Almost every one of us has, at some point in his or her career, been in the following situation: You spent weeks, or months, diligently working a deal, investing yourself in it fully, bending over backwards to give the prospect what he asks for (or what you think he needs), only to be left out in the cold, the victim of a suddenly uncooperative counterpart, or worse, of the inexplicably unreturned phone calls.
Why does this happen to a prospect who seemed "so interested", and "so well-qualified"? It has to do with commitment. Who makes it, and who doesn't.
Commitment is a two-way street. In a romantic relationship, a commitment is required by both parties for the relationship to work, to be successful. If you are the one who is always doing, always giving, always going the extra mile, while the other party is doing little or nothing, what does that say about the relationship, and its chances of lasting? Not much! What would you do in such as relationship if - despite you best efforts - the other party simply didn't reciprocate? You'd leave the relationship, of course, and - after a suitable amount of time - you'd go find someone who truly does want a relationship and is willing to invest in developing it and making it a success.
So too in the selling arena. If you find that you are the one always doing, always giving, always going the extra mile, while the other party is doing little or nothing to move the deal forward, you must evaluate whether the deal is worth the time you're spending on it, and consider that your time might be better spent elsewhere. But before pulling plug, ask yourself a few questions. Start with, "why isn't he investing anything in this deal?" The answer may be as simple as you haven't asked him to! Remember, people are basically lazy - if a father doesn't tell his kid to take out the garbage, do you think the kid is going to do it? Well, if you aren't asking your prospect to do something - schedule a follow-up meeting, discuss your proposal internally, do a competitive analysis, run some numbers by the CFO - whatever they've told you are the things they do when considering purchasing a product such as yours - chances are they aren't going to get around to doing it on their own.
Also, consider that the less skin in the game a prospect has, the easier it is for him to walk away from the deal ("I've only wasted a single half hour meeting"). On the contrary, the more committed a prospect is ("I've invested 20 hours in this, I've involved five other people, this project was in the company newsletter, and it's on my boss's boss's radar"), the greater the ramifications, the fallout, of not following through. Think about it - would you be as quick to leave a romantic relationship in which you'd invested three years, as you would one you'd be in for three weeks?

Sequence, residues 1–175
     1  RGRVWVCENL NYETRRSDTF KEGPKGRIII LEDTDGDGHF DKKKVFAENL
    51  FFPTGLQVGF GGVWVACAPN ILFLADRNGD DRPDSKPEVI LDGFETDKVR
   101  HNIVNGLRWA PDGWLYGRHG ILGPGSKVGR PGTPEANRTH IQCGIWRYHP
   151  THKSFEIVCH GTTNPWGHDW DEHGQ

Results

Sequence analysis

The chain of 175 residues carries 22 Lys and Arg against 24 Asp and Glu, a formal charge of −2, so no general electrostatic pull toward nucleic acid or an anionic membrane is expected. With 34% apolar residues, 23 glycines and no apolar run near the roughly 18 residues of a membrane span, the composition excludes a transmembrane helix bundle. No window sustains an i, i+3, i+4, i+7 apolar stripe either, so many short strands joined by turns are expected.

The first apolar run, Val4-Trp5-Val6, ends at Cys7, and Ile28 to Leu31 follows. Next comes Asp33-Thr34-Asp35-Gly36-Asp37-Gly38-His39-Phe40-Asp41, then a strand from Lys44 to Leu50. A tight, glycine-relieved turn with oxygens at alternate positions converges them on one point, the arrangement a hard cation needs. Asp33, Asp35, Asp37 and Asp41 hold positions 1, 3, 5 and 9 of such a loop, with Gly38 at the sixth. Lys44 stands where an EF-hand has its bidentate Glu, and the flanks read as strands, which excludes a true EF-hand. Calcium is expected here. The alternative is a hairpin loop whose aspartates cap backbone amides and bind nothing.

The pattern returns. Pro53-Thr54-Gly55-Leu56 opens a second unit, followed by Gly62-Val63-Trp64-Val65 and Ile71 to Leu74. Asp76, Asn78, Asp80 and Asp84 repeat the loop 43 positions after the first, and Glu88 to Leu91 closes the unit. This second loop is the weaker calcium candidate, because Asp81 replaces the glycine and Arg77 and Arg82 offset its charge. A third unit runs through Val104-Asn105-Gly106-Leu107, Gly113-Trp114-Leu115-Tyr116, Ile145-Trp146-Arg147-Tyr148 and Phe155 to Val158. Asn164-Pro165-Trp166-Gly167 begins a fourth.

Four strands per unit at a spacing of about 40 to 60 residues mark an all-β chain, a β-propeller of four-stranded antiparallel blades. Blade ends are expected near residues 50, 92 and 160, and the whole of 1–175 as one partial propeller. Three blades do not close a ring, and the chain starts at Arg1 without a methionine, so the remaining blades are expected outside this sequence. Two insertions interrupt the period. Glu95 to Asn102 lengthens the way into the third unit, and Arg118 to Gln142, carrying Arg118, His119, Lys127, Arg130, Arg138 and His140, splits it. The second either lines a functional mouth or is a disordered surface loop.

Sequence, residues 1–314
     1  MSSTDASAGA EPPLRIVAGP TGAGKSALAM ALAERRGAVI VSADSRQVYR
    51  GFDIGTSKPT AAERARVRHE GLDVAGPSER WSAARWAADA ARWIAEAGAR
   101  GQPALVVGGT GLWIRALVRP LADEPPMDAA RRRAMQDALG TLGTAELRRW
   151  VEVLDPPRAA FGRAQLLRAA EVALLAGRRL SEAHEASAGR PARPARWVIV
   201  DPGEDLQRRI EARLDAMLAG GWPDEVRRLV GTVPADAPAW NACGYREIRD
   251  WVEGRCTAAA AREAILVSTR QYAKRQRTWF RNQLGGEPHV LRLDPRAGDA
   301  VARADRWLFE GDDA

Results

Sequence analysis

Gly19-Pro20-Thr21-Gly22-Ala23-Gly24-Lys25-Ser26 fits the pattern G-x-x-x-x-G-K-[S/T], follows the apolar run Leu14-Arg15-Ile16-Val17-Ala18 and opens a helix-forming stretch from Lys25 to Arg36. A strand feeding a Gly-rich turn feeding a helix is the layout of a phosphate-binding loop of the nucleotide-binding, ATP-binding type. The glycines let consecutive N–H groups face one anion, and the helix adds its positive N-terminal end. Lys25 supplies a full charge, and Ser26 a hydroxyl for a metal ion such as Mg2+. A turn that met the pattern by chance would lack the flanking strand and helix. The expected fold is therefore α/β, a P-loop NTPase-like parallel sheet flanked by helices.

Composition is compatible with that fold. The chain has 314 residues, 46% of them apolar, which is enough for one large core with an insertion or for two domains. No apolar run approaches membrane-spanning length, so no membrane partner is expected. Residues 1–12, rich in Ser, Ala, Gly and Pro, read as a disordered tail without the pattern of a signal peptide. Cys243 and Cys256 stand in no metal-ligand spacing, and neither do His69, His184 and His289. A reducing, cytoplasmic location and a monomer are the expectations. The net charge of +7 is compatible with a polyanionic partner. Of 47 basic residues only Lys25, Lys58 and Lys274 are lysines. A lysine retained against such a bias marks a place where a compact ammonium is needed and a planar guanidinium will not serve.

Get out of the habit of simply "doing more" for your prospects in the hope that it will move your deals forward. It won't. The next time a prospect asks you to do something for him, agree, but also ask him to do something for himself (and indirectly, for you). If he asks you to do some research, ask him to schedule that meeting with his boss he'd told you would need to take place if the deal is to move forward. Equally important - and this is where most of us get complacent - the next time you offer to do something for your prospect (especially if it's going to involve a significant investment of your time), be sure to ask for a reciprocal commitment on his part (this commitment need not be of the same form, i.e. you may be offering to invest time, whereas you may ask your counterpart to invest political capital, or do a sales job on a key player. The point is to make sure that over the course of the deal, you are both investing in activities of more or less equal significance). And what if your prospect refuses, or stonewalls? Be prepared to walk away. You see, this approach has the added benefit of weeding out prospects who are not sincere in developing a mutually profitable relationship with you, or have a hidden agenda, who may be in bed with your competitor, or who are just plain tire-kickers. The sooner you find this out, the better, so that you can redirect your efforts to prospects who are committed to working with you to purchase a solution such as yours.